A video released by NASA finally shows us what the other side of the moon looks like.
The other side of the moon is sometimes called the dark side of the moon, but that is in fact a misnomer. NASA’s Lunar Reconnaissance Orbiter (LRO) has now revealed that the other side of the moon is not always dark. The LRO has also collected data which has allowed scientists to understand more about the differences between the two sides, writes Ben Kochman of Times Gazette.
High quality photos
“Just like the near side, the far side goes through a complete cycle of phases,” NASA says. “But the terrain of the far side is quite different. It lacks the large dark spots, called maria, that make up the familiar Man in the Moon on the near side.”
The LRO has been taking photos since its launch in 2009, and they have now been collated in a video released by NASA. The images are a vast improvement on the only previous images of the other side of the moon, which were taken by a Soviet probe named Luna 3 back in 1959.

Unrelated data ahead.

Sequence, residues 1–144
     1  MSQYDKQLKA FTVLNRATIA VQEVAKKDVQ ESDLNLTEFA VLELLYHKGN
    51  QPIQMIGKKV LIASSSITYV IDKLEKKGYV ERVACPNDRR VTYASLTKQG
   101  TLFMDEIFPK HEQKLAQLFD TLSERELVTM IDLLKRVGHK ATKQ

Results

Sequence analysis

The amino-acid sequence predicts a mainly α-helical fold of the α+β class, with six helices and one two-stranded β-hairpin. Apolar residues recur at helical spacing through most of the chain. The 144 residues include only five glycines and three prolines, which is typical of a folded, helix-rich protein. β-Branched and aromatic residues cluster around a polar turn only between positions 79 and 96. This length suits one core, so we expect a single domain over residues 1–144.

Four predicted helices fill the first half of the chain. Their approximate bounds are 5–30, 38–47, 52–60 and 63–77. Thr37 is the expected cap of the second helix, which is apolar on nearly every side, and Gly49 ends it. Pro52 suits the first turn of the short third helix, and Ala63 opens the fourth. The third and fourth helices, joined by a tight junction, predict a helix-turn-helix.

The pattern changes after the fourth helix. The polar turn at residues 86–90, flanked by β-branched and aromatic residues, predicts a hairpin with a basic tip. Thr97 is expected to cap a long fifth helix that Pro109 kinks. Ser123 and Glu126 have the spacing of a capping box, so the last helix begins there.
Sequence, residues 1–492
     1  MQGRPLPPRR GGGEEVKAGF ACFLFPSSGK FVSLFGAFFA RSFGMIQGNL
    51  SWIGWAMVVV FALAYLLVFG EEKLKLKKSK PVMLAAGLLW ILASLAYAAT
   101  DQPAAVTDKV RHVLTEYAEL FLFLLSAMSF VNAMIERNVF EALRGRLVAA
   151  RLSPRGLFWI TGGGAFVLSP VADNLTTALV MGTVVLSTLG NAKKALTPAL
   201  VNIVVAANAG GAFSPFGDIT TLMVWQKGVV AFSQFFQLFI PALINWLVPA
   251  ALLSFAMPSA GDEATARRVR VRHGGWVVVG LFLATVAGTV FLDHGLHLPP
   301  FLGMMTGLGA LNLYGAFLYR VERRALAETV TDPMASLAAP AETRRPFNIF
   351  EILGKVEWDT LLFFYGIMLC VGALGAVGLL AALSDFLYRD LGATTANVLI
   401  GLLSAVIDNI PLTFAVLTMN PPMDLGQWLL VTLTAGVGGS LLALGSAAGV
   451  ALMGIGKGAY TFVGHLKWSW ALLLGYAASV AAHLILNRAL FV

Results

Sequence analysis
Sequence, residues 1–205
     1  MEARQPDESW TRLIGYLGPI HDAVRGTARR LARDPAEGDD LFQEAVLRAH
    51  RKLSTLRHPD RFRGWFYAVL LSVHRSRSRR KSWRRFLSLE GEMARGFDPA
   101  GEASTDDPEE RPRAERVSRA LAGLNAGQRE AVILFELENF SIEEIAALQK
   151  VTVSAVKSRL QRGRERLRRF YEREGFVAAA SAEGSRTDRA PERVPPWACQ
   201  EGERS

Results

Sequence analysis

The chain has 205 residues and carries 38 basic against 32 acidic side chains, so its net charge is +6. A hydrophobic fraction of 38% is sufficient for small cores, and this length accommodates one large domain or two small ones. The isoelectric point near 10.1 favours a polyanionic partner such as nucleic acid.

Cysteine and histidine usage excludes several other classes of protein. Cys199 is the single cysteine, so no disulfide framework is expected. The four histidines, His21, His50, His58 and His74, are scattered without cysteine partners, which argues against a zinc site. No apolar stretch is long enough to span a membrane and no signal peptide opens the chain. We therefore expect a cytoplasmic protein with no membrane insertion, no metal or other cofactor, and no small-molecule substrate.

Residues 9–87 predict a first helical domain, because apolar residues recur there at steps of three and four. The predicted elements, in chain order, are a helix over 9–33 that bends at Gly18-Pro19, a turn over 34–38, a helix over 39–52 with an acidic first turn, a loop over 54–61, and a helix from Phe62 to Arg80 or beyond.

From Earth we only ever see one side of the moon because tidal forces mean that it maintains a fixed position relative to our home planet. The LRO uses a laser altimeter, in conjunction with its cameras, to capture highly detailed images of the lunar surface.
Preparing for future missions?
As well as its lack of lunar seas, or marias, the surface of the other side of the moon is covered in craters. The LRO has discovered that the lunar surface is pocked with both large and small craters, as well as the South Pole-Aitken basin, which NASA claims is “one of the largest and oldest impact features in the solar system.”
The launch of the LRO in 2009 was the first time that NASA had launched a lunar mission in over a decade, and commentators believe that it could usher in a new age of lunar exploration, including manned missions. The LRO is tasked with identifying suitable landing spots for future missions, and looking for resources on the surface of the moon.